The First War Genesis 14

The fourteenth chapter of Genesis is of deep interest to the student of ancient usages. It contains a brief and rapid, but suggestive history, not indeed of the first war, but of the  first was of which any record has been transmitted to us. The history itself implies the existence of previous wars; and the manner in which this war is conducted, evinces that men had already gained much experience in the art of afflicting and destroying their fellows.

It appears that certain kings from beyond the region of the Tigris and Euphrates, whether independent, or acting under some great power, is uncertain, had at a former period invaded the country formed by and extending along the east side of the valley of the Jordan and of the hollow valley called the Arabah, which at the present day reaches from the Dead Sea to the eastern arm of the Red Sea. It is difficult to account for their confining their operations to this line, without making any attempt upon the comparatively rich country west of the Jordan, without assuming that its object was to obtain the possession or the command of a line of country which was at once a natural frontier westward, and an important military and commercial route. If at the same time this power held possession of Egypt, as some suppose, and constituted the intrusive dynasty known in history as the Hyksos, or shepherd kings, the necessity of keeping open this line of communication with that country must be apparent.

Whatever were the precise objects of the expedition, or the nature of the power brought into action, it was successful, and all the tribes and nations upon this line were brought into subjection.

Under this subjection they continued for twelve years, and then ventured to throw off this foreign yoke. They were in due time called to account for this. It was in the thirteenth year of their subjection that they rebelled, and in the fourteenth their former conquerors re-appeared in the north, and pursuing their victorious march southward along the western border of the valley, from the sources of the Jordan to the Red Sea, returned along the country west of the Arabah, Note: The prevalent name of the broad valley which extends from the Dead Sea to the eastern arm of the Red Sea.] subduing  the tribes by which that district was inhabited. Approaching still further north, they descend into the valley, purposing to reduce the towns in the enclosed plain, which now forms the basin of the Dead Sea, but which was then beautifully fertile and well inhabited. The principal towns were five—Sodom, Gomorrah, Admah, Zeboiim, and Zoar. In the first of these Abraham’s nephew, Lot, had his abode; for soon after their return from Egypt, the great increase of their substance, and the consequent quarrels of their shepherds about rights of water and pasturage, had constrained them to separate. One would think that the invading force was not large, for the inhabitants of these towns and neighboring villages determined to give it battle, although returning victorious and laden with the spoil of conquered places.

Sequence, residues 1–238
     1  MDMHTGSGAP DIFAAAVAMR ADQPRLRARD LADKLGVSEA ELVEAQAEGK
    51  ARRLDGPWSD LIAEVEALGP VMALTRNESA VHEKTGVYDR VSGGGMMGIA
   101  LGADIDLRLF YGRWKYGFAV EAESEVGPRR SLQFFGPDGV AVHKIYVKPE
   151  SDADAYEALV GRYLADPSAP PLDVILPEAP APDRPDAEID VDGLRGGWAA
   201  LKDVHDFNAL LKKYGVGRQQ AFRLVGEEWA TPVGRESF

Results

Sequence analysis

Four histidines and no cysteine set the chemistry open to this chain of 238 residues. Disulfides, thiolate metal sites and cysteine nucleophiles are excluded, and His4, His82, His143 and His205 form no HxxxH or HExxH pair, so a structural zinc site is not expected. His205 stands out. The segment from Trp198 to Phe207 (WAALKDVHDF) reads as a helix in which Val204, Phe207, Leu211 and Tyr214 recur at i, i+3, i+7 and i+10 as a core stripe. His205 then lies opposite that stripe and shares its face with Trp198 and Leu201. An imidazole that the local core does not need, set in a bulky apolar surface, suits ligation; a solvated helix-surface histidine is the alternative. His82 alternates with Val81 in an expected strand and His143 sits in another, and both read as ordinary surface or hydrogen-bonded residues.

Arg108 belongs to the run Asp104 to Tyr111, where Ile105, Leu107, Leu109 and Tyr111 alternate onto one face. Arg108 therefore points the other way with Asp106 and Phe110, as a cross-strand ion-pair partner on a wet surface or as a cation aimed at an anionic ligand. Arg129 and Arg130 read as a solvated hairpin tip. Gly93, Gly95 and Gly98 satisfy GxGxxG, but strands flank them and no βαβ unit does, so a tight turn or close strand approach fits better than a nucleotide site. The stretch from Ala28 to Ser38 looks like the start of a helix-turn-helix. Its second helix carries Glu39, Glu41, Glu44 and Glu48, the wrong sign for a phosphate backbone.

The conflict was soon, however, decided in favor of the invaders. The beaten citizens of the Pentapolis fled before them, and many of them lost their lives in the “slime pits” which were at that day visible, and which still, under the deep waters, throw up their asphaltum. The conquerors then plundered the towns, and crossing the plain, passed out of it on the east side laden with spoil, and followed by a train of captives destined for bondage. Among the captives was Lot, and his substance was among the spoil.

Abraham was no farther off than Mamre, near Hebron, and yet, as the invaders had carefully avoided trespassing on the proper land of Canaan, to which the vale of Siddim (as it was called) was not regarded as belonging, the transaction does not seem to have engaged his attention till one of the fugitives brought him the intelligence. No sooner did the patriarch learn that Lot was among the captives, than he at once decided to pursue the conquerors, and rescue his nephew from their hands.